In another feature of the improved process, the conventional step of washing the wafer back with a solvent is performed only at the end of the other steps.
Other features and advantages of the invention will be understood from the description of the preferred embodiment.
FIG. 1 is a vertical sectional drawing of a conventional station for applying a photoresist coating to a wafer.
FIG. 2 is a similar vertical section drawing with arrows that show the flow of air through the apparatus and a vortex like air current that contributes to wafer back contamination.
FIG. 3 shows a vertical sectional drawing in an isometric view with arrows that show the flow of air through the apparatus and the vortex action.
FIG. 4 shows the preferred embodiment of a resist coater with an improved shield.
FIG. 5 is an isometric drawing of the coater and the shield of FIG. 4.
Conventional Components of the Station—FIG. 1
This apparatus is conventional and is shown schematically. A chuck 7 holds the wafer 5. A spindle 15 is mounted in a bearing support and rotates the chuck, as represented by a circular arrow 9. A nozzle 2 directs the flow of the resist. An arrowed line 1 represents the flow of resist into the nozzle and the flow out of the nozzle. Lines 3 represent the flow of resist onto the wafer. Arrowed lines 14 show the flow of the resist across the wafer (from the centrifugal action of the rotating wafer).
A catchcup bowl structure having two parts 4 and 8 surrounds the other parts to contain the resist that escapes from the surface of the wafer. Part 8 will be called the lower part and part 4 will be called the outer part. The bowl structure also has a lower floor that supports the outer part 4. Air is pulled into the bowl structure by the spinning of the wafer, and a controlled exhaust 10 in the floor of the bowl structure permits this air and some of the escaped resist to flow out of the coater structure, as arrow 10 represents.
A back rinse nozzle 6 dispenses solvent against the wafer back for removing the resist deposit.
The Process—Conventional Steps
The known process dispenses a very precise volume and with a precise pressure through nozzle 2 onto the center of wafer 5. The resist spreads as shown by lines 3 while the wafer or substrate 5 is spinning. When a predetermined volume has been dispensed (commonly 3.5 to 4.5 cc) the spindle accelerates to high rpm. The photoresist spreads uniformly, as represented by arrow 14, to a thickness that is controlled at least in part by the spindle speed.
The conventional coater process also includes a wafer back rinsing step. In another step, solvent is dispensed at the edge of the wafer while the spindle has a high rpm to clear the edge of the wafer.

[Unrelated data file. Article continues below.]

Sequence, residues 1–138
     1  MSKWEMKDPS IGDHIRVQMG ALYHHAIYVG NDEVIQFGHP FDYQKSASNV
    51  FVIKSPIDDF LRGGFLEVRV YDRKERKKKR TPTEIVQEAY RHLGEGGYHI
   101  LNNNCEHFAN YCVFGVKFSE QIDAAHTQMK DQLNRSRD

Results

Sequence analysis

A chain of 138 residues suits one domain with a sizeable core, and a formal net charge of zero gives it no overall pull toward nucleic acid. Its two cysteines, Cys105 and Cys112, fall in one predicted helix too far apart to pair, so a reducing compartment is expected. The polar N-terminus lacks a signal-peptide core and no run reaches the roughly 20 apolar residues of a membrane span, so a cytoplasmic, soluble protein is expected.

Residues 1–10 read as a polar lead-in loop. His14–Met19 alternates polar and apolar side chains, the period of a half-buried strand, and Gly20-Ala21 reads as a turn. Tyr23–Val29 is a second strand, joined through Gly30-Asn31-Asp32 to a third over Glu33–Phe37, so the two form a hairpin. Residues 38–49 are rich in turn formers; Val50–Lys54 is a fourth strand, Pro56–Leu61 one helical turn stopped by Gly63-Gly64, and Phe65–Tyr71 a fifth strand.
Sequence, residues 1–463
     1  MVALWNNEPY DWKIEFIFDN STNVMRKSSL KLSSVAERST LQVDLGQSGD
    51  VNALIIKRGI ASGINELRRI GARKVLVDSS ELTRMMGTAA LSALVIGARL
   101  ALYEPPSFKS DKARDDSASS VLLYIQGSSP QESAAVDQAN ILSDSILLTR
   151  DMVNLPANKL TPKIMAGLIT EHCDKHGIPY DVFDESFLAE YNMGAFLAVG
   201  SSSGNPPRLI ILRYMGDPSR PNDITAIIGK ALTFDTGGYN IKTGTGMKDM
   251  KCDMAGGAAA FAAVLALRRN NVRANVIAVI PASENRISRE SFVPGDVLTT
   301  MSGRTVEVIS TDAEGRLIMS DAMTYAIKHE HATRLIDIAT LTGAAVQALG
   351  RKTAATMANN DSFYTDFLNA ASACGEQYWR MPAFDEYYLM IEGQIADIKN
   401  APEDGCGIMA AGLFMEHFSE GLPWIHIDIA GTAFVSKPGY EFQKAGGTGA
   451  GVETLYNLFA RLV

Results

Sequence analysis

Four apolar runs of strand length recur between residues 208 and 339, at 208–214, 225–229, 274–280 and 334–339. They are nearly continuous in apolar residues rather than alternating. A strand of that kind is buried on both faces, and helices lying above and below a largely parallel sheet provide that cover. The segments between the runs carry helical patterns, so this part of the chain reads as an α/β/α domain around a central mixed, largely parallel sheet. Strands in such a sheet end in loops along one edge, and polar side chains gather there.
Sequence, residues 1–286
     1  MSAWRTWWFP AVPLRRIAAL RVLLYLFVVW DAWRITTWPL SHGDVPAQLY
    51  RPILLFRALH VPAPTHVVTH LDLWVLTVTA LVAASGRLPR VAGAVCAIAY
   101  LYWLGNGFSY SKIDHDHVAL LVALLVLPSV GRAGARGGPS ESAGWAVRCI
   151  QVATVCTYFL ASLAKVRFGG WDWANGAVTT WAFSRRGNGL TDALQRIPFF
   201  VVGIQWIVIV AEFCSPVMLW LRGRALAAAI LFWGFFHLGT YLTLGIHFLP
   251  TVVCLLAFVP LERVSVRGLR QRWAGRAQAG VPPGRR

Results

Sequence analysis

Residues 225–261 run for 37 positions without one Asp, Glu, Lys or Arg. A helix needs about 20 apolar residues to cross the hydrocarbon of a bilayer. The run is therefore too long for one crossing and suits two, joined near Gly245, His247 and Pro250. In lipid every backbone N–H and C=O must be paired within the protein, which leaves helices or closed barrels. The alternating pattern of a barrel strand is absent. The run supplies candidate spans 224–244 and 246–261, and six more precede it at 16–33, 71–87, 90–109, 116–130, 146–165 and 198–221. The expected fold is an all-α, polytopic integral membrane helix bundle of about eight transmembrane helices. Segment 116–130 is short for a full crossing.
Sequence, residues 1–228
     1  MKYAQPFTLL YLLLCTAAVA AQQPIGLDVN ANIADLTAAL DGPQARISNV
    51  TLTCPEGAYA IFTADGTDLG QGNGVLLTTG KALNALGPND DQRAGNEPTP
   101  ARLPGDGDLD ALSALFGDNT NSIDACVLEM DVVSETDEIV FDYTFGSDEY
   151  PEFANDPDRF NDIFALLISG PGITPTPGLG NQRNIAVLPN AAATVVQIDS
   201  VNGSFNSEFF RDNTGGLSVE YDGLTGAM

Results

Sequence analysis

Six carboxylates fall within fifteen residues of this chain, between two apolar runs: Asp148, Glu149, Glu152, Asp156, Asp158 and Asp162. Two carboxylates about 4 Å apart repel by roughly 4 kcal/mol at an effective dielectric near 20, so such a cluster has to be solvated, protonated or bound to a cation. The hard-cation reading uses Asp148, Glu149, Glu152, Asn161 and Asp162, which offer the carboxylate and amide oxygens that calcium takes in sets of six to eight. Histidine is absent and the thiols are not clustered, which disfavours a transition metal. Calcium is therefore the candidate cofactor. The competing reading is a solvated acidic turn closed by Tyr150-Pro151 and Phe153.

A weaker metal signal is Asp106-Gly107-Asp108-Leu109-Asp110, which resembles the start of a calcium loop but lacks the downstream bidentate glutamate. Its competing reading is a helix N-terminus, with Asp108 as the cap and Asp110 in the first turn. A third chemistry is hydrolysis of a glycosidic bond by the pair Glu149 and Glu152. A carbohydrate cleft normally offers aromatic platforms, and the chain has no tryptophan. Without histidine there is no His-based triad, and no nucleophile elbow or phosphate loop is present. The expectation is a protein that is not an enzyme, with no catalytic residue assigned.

The Problems of the Prior Art—FIG. 2
Broad arrows 12 show the flow of air into the shield structure. Broad arrows 13 show a vortex or vortex-like current that forms in response to the high speed of the spindle, represented by an arrow 9, and the inflowing air along path 12. Photoresist 14 is thrown out by centrifugal action and it will break up into a mist that is carried by the vortex. The vortex carries some of the mist to the wafer back and it is deposited there.
Some of the components in FIG. 2 have not been referred to in this description but will be understood from the description of the corresponding components in FIG. 1.
The Improved Shield
The shield for protecting the back of the wafer is in the shape of a generally cylindrical cup that is open at the top. The bottom wall is adapted to be attached to part 8 of the catchcup bowl 4, 8. The shield diameter is less than the wafer diameter by a suitable distance so a maximum amount of the wafer back surface is inside the shield but the edge of the wafer overhangs the open end of the cup sufficiently to form a seal. The preferred overhang is 4-6 mm.
A gap is provided between the upper rim of the shield 11 and the wafer 5 so the wafer can rotate with respect to the shield. The value of the gap is critical and a suitable gap is 1.8 to 2.2 mm.
As a further advantage, the shield enhances the back rinsing action.
The Associated Process
The wafer coating apparatus is used according to a process that helps to limit the effect of the vortex. In the step of dispensing the resist onto the wafer, the spindle 15 is driven at a relatively low spin speed, preferably 0.8 to 1.2 rpm. The wafer back rinse operation is performed only at the final stage.
For the step of spreading the resist, the spindle is conventionally driven at a speed of 4000 to 6000 rpm. It is spun again at this speed for the step of dispensing solvent at the edge of the wafer. The prior art has also suggested reducing the spin speed to reduce the vapor that is formed. I have found that the spindle speed should be limited to a maximum of 1200 rpm for these high speed steps but does not need to be less than about 800 rpm.
Those skilled in the art will adapt the process and structure to specific environments with appropriate modifications within the skill of the art and the intended scope of the claims.